Monday, April 13, 2015

Strip-Mining Human Beings for Profit

You could make a good argument that everything about capitalism strip-mines human beings for profit, but it's rarely as blatantly an argument for indentured servitude as this.

Undercover Blue at Hullabaloo:
Jeff Bryant's alarming post at Salon details some of the financial services sector's inventive, new schemes for funding education. Wall Street already saw K-12 schools as "the last honeypot," a steady, recession-proof, government-guaranteed stream of public tax dollars just waiting to be tapped by charter schools. It first had to convince states to increase competition – meaning eliminating teachers and other public employees standing between investors and their money.

One could argue that the right's small government, low taxes mantra always had as its goal eliminating the "creeping socialism" of government providing education and other public services on a not-for-profit basis. (What, no middle-man markup?) "Starving the beast" was never about the size of government, but about eliminating public-sector competitors and making sure the right people take a percentage of vital services funded at taxpayer expense.

Since the collapse of the housing market, the giant pool of money is looking for other places to invest. So it's out with the NINA loans and the CDOs and in with the SLABS, CABS, PPPs, and ISAs. Jeff Bryant writes:
It’s not hard to see the allure of SLABS [student loan asset-backed securities]. Student loans seem to be an endless stream of revenue as colleges and universities continue to increase tuition, economic conditions and employment transience feed the unemployed back into continuing education, and political leaders urge everyone to attend college. The income stream is nearly guaranteed to pay off because the loans are next to impossible to discharge in bankruptcy.
A Huffington Post article by Chris Kirkham states, SLABS offer “seemingly unlimited growth potential at virtually zero risk. The burden of college loan repayment falls entirely on students’ backs, shielding corporations from the consequences of default.”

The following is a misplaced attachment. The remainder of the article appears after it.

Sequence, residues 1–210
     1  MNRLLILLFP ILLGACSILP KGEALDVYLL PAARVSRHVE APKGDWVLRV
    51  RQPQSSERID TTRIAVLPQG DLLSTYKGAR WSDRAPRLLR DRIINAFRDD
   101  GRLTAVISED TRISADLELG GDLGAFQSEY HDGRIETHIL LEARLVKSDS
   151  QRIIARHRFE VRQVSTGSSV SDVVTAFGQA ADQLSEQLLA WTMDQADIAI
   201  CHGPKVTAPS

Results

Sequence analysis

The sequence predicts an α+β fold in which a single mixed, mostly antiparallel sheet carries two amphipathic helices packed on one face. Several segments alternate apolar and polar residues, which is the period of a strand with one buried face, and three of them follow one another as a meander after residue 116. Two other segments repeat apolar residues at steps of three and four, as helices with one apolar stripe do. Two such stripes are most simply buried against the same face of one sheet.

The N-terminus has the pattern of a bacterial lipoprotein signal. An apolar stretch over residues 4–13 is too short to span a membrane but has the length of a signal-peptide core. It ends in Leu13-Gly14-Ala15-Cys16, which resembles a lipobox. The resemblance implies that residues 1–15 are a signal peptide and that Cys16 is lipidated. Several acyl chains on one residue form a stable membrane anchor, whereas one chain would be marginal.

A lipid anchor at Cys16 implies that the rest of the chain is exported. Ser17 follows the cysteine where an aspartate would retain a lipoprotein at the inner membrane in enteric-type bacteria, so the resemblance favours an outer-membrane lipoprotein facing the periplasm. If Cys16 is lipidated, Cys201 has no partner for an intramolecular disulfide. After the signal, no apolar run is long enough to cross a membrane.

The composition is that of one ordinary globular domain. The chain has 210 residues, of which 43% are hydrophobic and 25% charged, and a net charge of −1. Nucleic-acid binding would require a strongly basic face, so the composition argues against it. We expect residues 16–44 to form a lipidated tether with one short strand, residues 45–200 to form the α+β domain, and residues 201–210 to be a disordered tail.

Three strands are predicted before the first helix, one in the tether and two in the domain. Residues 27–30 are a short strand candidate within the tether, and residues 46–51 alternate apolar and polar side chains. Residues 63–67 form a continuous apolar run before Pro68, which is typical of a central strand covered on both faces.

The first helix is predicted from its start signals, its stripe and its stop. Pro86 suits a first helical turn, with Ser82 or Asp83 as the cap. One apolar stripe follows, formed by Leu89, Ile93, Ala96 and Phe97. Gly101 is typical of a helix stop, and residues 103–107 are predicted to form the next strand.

Remember when mortgage-backed securities were a guaranteed, sure thing? There's much more here: ‘capital appreciation bonds’ (CABs) for financing public schools, “public-private partnerships (P3s) where developers provide capital to build schools they then lease to universities (as happens with K-12 charters). Don't get me started on P3s.
The ultimate solution in the private edu-debt sphere emerged recently when conservative ex-governor of Indiana, now president of Purdue University, Mitch Daniels proposed to the U.S. Congress that, “Instead of taking out a traditional college loan, students would have the option of finding an investor – possibly a Purdue alum – to finance their degree in exchange for a share of their future income.”
If you read that and said out loud, "indentured servitude," so did I. Daniels' (and others') first swing at these Income Share Arrangements (ISAs) whiffed, Bryant explains. But?
But like what so often happens, quirky proposals from conservatives that appear like blips on the outer edge of the crazy radar, actually have a huge think tank machinery behind them. As a report from an Indiana news outlet explains, the financial vehicles Daniels alluded to are what’s known in the biz as Income Share Arrangements (ISAs). The reporter sourced the concept of ISAs to 1955 and University of Chicago economist Milton Friedman, the god of right-wing privatization advocates.
Beth Akers, a fellow with centrist think tankBrookings, has argued ISAs should “play a role” in financing student loan debt. She posits that the central problem with higher education is there is “almost no incentive” for students to choose schools and courses of study that pay off down the road in terms of lucrative salaries. A broad market for ISAs could change that by enabling students to “collateralize their financing with future earnings, just as home buyers collateralize their mortgage with the house itself.”
Except here, humans themselves are the collateral. This financial Matrix bypasses all the intermediate messiness of productive capitalism. Why should "job creators" bother with the inefficiency of trading in actual products and services when, by plugging them into a matrix of derivatives, you can change a human being into revenue?

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